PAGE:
Internet Enemies
Fig. 1. Courtesy of Reporters Sans Frontieres, 2012.

Reporters Without Borders releases its "Internet Enemies Report 2012", a 72-page report focused on online freedom of expression and cyber censorship. Countries listed as "Internet Enemies" in 2012 are Bahrain, Belarus, Burma, China, Cuba, Iran, North Korea, Saudi Arabia, Syria, Turkmenistan, Uzbekistan and Vietnam. Countries “Under Surveillance” are Australia, Egypt, Eritrea, France, India, Kazakhstan, Malaysia, Russia, South Korea, Sri Lanka, Thailand, Tunisia, Turkey and United Arab Emirates, while Libya and Venezuela had been dropped from the list.

The Internet Enemies Report 2012 describes current trends in the cyberspace:

The revolution of microblogs and opinion aggregators and the faster dissemination of news and information that results, combined with the growing use of mobile phones to livestream video, are all increasing the possibilities of freeing information from its straightjacket. The mixing of journalism and activism has been accentuated in extreme situations such as Syria, where ordinary citizens, appalled by the bloodshed, are systematically gathering information for dissemination abroad, especially by the international news media, so the outside world knows about the scale of the brutal crackdown taking place.


Repressive regimes have learned the lesson. Keeping the media at bay, intimidating witnesses and blocking access to a few news websites are not enough to ensure the success of a news blackout. A much more effective way is to seal off the area concerned to prevent unwanted witness from entering and any digital content from leaving, and to cut off communications by blocking SMS messaging and by shutting down Internet access and mobile phone services in a temporary or targeted manner.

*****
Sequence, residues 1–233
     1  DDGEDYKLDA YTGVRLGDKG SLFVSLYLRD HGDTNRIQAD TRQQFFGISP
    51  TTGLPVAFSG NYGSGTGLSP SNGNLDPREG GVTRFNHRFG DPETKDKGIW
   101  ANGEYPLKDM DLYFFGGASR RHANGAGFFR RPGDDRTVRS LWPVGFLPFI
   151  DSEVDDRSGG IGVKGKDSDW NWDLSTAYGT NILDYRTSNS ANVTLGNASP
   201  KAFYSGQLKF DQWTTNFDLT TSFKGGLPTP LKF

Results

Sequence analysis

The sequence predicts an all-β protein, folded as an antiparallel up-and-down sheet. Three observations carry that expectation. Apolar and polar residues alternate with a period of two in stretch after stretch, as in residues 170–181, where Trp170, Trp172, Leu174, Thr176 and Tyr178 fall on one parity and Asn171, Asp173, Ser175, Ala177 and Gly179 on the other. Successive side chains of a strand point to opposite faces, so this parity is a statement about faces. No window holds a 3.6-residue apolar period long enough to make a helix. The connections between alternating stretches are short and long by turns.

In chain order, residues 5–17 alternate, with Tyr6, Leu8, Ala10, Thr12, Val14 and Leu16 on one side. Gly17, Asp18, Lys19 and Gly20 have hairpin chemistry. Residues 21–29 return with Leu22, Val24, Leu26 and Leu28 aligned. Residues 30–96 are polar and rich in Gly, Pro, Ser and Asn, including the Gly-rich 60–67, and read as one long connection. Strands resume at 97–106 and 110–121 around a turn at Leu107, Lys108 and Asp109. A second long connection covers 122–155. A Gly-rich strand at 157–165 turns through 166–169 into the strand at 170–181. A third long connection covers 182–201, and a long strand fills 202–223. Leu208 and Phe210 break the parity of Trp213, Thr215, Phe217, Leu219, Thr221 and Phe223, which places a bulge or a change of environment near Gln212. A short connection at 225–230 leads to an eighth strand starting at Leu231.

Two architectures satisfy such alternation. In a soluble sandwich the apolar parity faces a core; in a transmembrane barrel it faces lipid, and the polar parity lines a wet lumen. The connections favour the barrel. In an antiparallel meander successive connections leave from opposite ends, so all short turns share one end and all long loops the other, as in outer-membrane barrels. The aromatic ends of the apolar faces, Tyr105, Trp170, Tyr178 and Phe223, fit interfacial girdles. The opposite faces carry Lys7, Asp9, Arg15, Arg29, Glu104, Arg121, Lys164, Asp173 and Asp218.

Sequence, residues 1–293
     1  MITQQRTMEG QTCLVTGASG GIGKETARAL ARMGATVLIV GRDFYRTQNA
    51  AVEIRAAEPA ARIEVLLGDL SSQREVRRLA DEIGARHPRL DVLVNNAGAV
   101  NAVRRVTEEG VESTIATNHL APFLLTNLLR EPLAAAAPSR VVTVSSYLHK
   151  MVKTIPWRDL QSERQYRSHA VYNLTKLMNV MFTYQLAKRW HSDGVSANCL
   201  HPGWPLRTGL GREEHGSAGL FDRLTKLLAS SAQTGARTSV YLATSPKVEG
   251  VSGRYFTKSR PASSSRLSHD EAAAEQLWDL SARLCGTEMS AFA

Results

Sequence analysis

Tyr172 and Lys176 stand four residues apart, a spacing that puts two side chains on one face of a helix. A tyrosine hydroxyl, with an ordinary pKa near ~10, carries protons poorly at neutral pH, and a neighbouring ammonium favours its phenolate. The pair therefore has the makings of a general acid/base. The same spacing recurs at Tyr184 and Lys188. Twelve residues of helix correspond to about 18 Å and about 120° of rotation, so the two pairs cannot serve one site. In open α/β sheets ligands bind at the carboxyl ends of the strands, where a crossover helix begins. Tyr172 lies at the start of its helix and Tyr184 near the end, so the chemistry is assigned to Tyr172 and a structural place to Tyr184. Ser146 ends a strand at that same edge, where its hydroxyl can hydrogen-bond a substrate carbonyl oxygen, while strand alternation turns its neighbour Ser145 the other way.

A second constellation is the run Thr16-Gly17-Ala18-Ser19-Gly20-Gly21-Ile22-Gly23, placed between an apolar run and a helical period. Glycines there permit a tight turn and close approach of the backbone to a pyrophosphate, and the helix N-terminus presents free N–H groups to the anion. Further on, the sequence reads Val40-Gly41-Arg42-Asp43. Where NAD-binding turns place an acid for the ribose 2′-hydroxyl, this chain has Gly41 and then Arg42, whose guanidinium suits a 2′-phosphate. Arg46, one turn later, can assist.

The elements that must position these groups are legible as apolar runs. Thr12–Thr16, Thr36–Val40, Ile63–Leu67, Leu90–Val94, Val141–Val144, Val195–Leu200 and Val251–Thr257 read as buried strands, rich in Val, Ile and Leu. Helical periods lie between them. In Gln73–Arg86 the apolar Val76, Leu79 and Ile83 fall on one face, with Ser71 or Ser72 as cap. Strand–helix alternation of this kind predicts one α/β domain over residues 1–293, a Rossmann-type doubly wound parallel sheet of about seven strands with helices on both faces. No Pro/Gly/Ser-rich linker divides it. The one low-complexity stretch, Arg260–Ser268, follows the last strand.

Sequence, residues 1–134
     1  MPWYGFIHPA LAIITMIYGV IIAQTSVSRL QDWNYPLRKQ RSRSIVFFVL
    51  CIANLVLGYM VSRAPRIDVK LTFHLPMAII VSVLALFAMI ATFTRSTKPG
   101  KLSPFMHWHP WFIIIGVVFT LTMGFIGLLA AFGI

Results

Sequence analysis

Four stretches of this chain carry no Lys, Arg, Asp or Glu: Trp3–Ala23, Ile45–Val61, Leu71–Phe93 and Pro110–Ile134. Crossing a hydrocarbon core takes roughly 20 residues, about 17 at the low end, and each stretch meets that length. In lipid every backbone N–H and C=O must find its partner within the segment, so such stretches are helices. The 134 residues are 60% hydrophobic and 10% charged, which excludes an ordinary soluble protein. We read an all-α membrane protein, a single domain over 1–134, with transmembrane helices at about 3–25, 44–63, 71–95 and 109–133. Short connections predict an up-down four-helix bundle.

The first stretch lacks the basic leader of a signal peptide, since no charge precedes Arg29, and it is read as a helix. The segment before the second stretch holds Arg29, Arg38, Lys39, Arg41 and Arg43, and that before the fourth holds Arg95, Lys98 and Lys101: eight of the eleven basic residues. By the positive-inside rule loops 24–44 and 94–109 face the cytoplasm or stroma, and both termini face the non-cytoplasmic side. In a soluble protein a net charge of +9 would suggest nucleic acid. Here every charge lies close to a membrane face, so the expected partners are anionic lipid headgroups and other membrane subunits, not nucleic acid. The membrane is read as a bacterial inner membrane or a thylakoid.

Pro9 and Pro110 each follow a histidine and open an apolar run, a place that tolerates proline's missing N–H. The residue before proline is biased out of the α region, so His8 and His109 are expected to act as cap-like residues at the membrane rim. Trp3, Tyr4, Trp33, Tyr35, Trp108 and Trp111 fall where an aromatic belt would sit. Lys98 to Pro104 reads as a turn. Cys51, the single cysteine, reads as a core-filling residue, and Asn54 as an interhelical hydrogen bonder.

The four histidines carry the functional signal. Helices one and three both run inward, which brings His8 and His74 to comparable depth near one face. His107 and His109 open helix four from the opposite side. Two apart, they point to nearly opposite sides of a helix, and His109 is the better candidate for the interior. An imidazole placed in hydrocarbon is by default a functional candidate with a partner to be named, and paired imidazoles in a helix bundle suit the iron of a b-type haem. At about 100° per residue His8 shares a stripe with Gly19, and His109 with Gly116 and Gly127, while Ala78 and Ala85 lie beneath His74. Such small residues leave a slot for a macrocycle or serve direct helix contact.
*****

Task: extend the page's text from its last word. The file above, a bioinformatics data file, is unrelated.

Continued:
Nonetheless, shutting down the Internet is a drastic solution that can create problems for the authorities and can hurt the economy. Slowing the Internet connection speed right down is more subtle but also effective as it makes it impossible to send or receive photos or videos. Iran is past master at this. Syria’s censors also play with the Internet connection speed, fluctuations being a good indicator of the level of repression in a given region.

Bahrain is an example of a news blackout succeeding thanks to an impressive combination of technical, judicial and physical censorship methods.


As soon as the uprisings in Tunisia and Egypt got under way, most regimes that censor the Internet quickly reinforced online content filtering in a bid to head off any possibility of similar unrest spreading to their own countries. Some regimes have adopted filtering as standard tool of governance, one that strengthens their hold on power. Livestreaming sites and social networks are often the most affected.


Internet content filtering is growing but Internet surveillance is growing even more. Censors prefer to monitor dissidents’ online activities and contacts rather than try to prevent them from going online. The police chief in the United Arab Emirates, for example, has acknowledged that the police monitor social networks.


Syria’s cyber army is expert in the art of contaminating the Facebook walls of opponents and dissidents, often with the aim of discrediting them, and to drown out critical comments with a tide of praise for the government of President Bashar al-Assad. Twitter accounts have been created to exploit the #Syria hashtag, sending out hundreds of tweets with keywords that link to sports results or photos of the country.

The full report is available for PDF download here.

Related article on Digital Islam can be found here:

Reporters Without Borders' Internet Enemies Report 2011